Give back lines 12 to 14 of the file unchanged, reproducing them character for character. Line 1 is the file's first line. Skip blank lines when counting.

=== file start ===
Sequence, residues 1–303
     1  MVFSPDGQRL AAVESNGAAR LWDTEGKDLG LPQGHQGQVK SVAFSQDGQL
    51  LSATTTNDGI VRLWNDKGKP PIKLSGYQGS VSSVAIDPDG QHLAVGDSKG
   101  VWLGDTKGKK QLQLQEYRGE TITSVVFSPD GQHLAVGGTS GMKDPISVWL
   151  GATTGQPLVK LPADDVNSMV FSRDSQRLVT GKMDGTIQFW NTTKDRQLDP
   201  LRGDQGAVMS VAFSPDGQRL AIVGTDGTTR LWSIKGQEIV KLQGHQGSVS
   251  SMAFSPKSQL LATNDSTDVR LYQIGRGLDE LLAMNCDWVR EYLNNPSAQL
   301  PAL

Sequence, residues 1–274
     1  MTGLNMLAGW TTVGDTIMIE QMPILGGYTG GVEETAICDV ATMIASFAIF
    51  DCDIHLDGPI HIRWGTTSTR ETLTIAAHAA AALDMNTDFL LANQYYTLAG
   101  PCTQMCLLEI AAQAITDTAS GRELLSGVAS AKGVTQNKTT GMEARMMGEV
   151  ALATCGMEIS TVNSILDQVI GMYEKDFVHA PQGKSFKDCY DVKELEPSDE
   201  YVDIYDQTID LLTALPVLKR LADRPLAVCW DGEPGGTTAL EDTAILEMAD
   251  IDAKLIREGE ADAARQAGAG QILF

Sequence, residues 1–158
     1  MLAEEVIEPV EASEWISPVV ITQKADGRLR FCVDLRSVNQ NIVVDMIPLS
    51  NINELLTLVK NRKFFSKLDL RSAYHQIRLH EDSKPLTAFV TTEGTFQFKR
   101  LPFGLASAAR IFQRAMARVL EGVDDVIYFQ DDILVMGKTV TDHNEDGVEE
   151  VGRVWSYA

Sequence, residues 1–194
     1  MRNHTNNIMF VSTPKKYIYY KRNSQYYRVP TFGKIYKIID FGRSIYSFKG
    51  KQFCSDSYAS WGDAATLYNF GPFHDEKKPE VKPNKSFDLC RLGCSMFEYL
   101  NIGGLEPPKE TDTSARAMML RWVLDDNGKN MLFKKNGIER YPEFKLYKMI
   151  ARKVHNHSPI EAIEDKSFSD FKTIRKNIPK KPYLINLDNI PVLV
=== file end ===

   101  PCTQMCLLEI AAQAITDTAS GRELLSGVAS AKGVTQNKTT GMEARMMGEV
   151  ALATCGMEIS TVNSILDQVI GMYEKDFVHA PQGKSFKDCY DVKELEPSDE
   201  YVDIYDQTID LLTALPVLKR LADRPLAVCW DGEPGGTTAL EDTAILEMAD